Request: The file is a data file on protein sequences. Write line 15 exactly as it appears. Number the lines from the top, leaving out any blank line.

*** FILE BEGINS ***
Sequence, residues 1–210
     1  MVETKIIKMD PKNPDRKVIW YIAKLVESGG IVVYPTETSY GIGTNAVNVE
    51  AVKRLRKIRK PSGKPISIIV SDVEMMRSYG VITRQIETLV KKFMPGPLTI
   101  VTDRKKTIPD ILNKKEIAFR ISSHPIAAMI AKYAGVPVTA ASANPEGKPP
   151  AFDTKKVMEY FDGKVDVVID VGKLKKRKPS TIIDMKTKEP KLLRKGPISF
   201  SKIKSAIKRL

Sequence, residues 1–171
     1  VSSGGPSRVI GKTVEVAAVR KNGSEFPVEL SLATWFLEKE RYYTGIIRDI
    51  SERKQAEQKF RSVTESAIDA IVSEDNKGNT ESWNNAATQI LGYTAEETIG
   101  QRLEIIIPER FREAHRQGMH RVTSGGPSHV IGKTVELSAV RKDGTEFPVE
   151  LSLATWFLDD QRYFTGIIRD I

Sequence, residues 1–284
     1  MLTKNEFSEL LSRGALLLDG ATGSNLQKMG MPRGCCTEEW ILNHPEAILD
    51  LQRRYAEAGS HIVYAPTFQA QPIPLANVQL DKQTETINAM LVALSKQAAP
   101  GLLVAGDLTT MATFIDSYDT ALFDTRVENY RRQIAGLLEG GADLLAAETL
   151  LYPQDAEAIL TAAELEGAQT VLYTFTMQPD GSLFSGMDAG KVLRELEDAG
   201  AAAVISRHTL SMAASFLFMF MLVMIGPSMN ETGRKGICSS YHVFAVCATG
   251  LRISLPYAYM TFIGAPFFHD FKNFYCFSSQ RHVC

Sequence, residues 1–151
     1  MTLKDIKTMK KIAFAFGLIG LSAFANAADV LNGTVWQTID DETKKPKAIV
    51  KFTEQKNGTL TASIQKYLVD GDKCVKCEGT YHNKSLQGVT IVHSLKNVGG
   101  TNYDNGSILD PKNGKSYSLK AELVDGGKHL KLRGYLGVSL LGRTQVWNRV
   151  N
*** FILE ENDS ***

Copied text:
   101  GLLVAGDLTT MATFIDSYDT ALFDTRVENY RRQIAGLLEG GADLLAAETL